That brings me to my second point. Just like there are unspoken rules in baseball, there are ways a manager in Fantasy can behave to prevent hostile reactions towards his trades. I mentioned above that I think I know why that Wright trade was vetoed by our league. After one manager objected (on the grounds that Wright for Pence + a starter on the DL was lopsided, which I don't now agree with), the manager receiving Wright countered with an argument that was sounded far-fetched, even in the imaginary confines of Fantasy Baseball. The argument was so "out there" that it immediately turned a large number of managers against him, and that's when the veto votes came in. In retrospect, both managers had excellent reasons for wanting that trade and the players involved were equal enough that it shouldn't have been an issue. But from the beginning, the appearance was that one manager had set up a paper-doll argument and had taken advantage of the other. In reality, this wasn't the case at all, but that is how it came across when they tried to defend it.
Given that, I have a few suggestions for managers wishing to make trades in a Fantasy baseball league:
1. Don't make lopsided offers and try to rationalize them to the other manager. Don't offer me Jose Altuve in exchange for Miguel Cabrera and tell me it's a fair trade because 2B is a shallow position. It's not a fair deal. You know it and I know it, and all you're doing is giving yourself a reputation for not being worth trading with.
2. Recognize what the other manager's needs are. If I have four 1B's, don't offer me Billy Butler in exchange for my only 2B. It's a waste of both our times.
3. Don't tell the other manager how crappy you think his/her players are. Telling someone, "Your starting pitchers suck, so you should accept this trade for Josh Beckett" is annoying, insulting, and insincere. If Beckett is so great, why do you want to trade him to me?
4. No personal attacks. If I reject your trade offer, don't roast me in the message board, publicly trying to get other managers to agree how stupid I was for rejecting your trade. Nobody will want to trade with you after that.
5. Understand that while Rankings aren't the end-all, saying, "Ranks don't matter," when offering a guy ranked 400 for a guy ranked 40, that offer will be rightfully rejected and that doesn't make the other manager a stupid, horrible person.
I've seen many managers over the years finish at the back end of Fantasy rankings just because of their attitudes towards the other managers. I'll let you have the last word on this one. Have you had issues with managers sabotaging their ability to make in-season moves because of their behavior and bad etiquette?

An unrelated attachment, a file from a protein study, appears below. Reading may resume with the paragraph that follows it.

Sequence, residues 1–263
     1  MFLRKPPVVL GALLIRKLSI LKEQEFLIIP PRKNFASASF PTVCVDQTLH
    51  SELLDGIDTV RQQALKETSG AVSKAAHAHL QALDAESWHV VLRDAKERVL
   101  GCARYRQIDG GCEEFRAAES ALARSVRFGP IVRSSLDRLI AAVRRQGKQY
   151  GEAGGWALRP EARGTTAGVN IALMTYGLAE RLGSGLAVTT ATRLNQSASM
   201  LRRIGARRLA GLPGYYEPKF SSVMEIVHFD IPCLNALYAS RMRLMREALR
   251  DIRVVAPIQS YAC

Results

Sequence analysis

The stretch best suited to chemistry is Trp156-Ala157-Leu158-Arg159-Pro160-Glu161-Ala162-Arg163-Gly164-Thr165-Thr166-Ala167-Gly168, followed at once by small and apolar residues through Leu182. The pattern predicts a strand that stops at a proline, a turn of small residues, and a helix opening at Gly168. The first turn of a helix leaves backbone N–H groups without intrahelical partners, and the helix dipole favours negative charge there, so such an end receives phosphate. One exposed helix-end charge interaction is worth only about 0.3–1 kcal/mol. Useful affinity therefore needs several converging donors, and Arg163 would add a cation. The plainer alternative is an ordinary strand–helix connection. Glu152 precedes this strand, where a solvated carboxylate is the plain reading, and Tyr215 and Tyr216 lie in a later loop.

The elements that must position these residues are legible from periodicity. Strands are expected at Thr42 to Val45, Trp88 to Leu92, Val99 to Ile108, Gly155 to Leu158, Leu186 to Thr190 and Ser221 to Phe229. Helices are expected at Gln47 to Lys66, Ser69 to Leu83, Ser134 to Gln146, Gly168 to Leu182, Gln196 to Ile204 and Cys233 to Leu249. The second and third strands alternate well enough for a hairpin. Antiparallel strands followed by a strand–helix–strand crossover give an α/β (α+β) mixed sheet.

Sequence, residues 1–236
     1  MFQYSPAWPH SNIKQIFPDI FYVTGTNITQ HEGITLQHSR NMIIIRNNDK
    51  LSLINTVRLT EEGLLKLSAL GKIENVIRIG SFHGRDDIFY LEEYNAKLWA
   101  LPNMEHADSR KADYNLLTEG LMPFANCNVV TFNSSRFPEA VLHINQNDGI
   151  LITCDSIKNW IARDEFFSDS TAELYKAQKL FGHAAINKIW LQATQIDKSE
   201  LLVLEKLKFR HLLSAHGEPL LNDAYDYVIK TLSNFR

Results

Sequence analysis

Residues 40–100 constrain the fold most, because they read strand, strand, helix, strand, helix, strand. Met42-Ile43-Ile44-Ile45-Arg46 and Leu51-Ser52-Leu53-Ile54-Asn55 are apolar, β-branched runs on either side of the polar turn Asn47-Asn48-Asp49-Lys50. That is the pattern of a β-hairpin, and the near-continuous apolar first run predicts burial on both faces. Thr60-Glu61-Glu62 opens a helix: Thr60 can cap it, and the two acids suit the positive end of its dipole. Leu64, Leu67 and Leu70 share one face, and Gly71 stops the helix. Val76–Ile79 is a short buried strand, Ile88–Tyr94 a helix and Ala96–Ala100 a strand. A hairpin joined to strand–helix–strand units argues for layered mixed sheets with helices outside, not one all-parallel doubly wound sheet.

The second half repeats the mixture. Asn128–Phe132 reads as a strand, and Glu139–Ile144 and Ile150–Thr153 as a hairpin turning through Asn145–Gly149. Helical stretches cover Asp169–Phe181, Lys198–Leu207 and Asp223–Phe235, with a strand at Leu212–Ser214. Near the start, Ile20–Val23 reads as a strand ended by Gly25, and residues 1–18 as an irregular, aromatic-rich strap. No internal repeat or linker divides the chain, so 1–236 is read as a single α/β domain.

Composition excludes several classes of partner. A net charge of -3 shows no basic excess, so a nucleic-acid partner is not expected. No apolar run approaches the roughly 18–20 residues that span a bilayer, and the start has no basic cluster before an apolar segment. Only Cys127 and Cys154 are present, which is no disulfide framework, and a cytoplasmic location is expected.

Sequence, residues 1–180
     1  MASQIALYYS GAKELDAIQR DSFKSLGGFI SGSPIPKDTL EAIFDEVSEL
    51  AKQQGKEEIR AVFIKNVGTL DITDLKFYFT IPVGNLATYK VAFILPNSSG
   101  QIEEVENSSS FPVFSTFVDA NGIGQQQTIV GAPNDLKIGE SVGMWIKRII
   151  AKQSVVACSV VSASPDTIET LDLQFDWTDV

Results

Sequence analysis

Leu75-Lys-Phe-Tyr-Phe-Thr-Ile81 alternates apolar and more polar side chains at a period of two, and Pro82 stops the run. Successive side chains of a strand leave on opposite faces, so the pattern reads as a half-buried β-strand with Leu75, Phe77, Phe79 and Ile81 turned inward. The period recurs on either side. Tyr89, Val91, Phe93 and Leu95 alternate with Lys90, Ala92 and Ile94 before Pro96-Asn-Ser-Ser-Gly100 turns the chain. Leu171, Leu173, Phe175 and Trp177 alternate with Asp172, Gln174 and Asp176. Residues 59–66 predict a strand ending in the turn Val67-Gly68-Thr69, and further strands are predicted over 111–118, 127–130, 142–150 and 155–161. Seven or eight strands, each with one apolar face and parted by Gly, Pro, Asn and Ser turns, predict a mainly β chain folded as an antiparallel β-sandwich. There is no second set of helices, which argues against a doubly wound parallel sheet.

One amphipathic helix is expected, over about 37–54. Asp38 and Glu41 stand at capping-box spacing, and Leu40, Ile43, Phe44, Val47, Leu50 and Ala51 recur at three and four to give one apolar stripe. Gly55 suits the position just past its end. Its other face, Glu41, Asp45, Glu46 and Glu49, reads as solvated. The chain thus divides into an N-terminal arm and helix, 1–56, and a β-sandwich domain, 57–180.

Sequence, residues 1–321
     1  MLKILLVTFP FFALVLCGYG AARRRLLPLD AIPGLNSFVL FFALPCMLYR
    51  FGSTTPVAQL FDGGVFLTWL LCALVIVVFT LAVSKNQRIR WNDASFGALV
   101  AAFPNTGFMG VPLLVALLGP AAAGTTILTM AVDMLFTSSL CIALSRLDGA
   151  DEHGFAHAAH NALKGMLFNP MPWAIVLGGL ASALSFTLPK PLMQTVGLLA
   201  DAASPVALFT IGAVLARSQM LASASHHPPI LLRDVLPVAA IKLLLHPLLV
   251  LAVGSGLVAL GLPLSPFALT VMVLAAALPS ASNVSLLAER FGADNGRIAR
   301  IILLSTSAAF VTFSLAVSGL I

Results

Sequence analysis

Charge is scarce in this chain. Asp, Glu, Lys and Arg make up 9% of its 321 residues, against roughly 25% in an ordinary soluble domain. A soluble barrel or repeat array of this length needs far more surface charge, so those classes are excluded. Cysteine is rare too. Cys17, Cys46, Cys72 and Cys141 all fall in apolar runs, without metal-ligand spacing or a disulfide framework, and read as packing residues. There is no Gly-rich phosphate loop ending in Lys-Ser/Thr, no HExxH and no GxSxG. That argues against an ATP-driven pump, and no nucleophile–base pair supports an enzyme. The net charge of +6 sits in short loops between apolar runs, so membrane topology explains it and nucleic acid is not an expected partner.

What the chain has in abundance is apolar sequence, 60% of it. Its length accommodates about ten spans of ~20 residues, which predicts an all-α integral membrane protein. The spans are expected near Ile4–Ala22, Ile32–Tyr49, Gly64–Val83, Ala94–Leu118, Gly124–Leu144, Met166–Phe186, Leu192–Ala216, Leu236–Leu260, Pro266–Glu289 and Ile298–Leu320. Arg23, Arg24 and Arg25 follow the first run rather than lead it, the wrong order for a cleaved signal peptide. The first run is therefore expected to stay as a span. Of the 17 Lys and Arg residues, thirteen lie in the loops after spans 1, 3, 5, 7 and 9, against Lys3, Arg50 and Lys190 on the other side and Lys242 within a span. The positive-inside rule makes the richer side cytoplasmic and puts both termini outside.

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In the end, I don't know that the 2 owners had a deal in place before the draft, it just looked like it. For the remainder of 2011, and the beginning of 2012, everytime i made a trade in that league, the owners whose trade was vetoed, blasted the trade out of sarcasm. Which i understood, and played along. Finally, after a year and a half, I was able to pull a deadline trade with one of those owners, acquiringAnthony Rizzo, which helped propel me to the 2012 title.
The point is, even though I took the lead on the veto, I never accused anyone of collusion, I just suggested it LOOKED bad, and created an unfair advantage at the draft. Whenever the issue was discussed on the message board, I approached it with humor, and didn't burn any bridges. Scorched em for a while, but didn't burn them.
On the other hand, I joined an existing 16 team mixed auction league this year. A few owners were unable to attend the draft, and got destroyed by autodraft. So they set out upon the task of repairing their roster by making trades. Three trades all involved 1 really good player and 2 bums for 3 average to slightly above avg. guys. One side is building out depth, the other side, adding a stud. Totally defensible IMO. And all 3 trades got vetoed. One owner quit, another was banned for inappropriate attacks on other owners, a mess all around. The commish is trying to unruffle feathers and one owner has resubmitted the exact same deal that just got vetoed. A mess.
Your rules for trading are all good ones. It sucks to think that you need to go out to the league and justify your moves, but that , sometimes, is the only way. Let me add one more rule for trading: Don't feel like you have to destroy the other owner in every deal. You get a reputation as someone who will screw you at every turn, and no one will trade with you. Try to make a win-win scenario with most trades, and owners will be more willing to deal with you.